White, red, or mixed white-red areas that are not easily wiped away, persist for more than 2 weeks, and are not definable as some other condition may be precancerous. The same risk factors are involved in precancerous changes as in cancerous growths, and precancerous changes may become cancerous if not removed.
Leukoplakia is a flat white spot that may develop when the moist lining of the mouth (oral mucosa) is irritated for a long period. The injured spot appears white because it has a thickened layer of keratin—the same material that covers the skin and normally is less abundant in the lining of the mouth.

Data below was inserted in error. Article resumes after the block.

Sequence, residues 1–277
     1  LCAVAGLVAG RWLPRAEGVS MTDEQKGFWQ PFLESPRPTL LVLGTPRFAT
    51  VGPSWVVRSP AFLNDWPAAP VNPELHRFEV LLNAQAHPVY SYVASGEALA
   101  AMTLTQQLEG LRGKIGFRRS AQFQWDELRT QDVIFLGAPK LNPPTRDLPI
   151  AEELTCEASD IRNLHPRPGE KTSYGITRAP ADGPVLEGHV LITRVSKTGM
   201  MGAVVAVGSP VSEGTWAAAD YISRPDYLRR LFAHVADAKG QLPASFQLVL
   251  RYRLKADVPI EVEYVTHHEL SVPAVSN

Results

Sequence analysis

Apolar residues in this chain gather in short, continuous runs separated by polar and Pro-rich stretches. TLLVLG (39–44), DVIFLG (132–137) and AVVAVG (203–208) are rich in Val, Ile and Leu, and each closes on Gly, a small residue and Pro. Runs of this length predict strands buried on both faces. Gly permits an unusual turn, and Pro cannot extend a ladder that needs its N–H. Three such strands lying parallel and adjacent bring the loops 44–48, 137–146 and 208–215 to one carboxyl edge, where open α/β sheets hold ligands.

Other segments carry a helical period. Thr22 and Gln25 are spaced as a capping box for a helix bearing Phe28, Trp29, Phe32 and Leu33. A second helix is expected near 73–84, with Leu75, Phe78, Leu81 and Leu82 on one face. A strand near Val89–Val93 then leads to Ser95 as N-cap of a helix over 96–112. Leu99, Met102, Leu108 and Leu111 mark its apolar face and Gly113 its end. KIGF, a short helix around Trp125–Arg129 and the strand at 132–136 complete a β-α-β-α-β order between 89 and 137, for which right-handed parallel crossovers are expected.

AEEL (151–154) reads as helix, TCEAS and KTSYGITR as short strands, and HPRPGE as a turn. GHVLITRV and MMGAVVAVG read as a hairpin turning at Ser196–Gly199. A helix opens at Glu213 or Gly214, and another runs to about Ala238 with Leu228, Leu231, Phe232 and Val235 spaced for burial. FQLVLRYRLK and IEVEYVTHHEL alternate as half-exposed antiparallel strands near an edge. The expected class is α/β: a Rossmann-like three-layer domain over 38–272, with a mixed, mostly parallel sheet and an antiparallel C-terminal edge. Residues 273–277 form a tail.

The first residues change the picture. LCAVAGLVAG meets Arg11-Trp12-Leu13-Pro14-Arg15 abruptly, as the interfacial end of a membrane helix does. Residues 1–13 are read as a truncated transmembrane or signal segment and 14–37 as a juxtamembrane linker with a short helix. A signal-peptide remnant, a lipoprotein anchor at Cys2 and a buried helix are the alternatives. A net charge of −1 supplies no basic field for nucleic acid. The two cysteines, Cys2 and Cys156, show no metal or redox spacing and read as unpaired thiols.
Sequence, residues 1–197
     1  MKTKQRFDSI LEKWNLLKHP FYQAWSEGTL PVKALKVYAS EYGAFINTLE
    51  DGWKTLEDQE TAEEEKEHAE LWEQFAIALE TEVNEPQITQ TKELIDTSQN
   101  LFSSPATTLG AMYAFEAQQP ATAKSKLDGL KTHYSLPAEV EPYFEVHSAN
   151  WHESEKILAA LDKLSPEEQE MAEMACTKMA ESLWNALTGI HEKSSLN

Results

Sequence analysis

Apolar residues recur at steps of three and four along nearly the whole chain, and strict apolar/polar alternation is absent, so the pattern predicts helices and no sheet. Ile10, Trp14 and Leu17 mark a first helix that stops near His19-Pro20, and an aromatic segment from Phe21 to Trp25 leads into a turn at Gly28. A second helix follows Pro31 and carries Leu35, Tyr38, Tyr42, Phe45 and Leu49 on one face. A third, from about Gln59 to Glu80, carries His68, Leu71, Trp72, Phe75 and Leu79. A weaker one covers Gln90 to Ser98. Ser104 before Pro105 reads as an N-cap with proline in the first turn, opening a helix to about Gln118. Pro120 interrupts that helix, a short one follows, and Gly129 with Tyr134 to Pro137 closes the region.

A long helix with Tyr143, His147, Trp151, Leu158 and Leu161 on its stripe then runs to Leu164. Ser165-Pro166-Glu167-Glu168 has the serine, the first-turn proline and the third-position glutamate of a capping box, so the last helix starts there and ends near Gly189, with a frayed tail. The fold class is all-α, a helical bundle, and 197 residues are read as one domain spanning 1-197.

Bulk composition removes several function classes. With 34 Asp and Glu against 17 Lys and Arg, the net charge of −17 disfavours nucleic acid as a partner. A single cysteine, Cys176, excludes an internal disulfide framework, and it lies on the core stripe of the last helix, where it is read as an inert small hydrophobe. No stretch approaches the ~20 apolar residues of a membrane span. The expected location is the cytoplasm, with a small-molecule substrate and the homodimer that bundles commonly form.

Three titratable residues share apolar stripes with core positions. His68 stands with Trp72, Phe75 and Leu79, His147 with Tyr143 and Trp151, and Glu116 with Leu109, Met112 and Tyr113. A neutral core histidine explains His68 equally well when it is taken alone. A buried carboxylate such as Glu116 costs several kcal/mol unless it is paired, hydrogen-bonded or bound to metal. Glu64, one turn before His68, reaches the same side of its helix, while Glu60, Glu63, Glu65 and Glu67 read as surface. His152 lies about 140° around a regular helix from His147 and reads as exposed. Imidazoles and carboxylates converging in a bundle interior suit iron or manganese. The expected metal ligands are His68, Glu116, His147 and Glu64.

Erythroplakia is a red and flat or worn away area that results when the lining of the mouth thins. The area appears red because the underlying capillaries are more visible. Erythroplakia is a much more ominous predictor of oral cancer than leukoplakia.
Last full review/revision November 2006 by Robert B. Cohen, DMD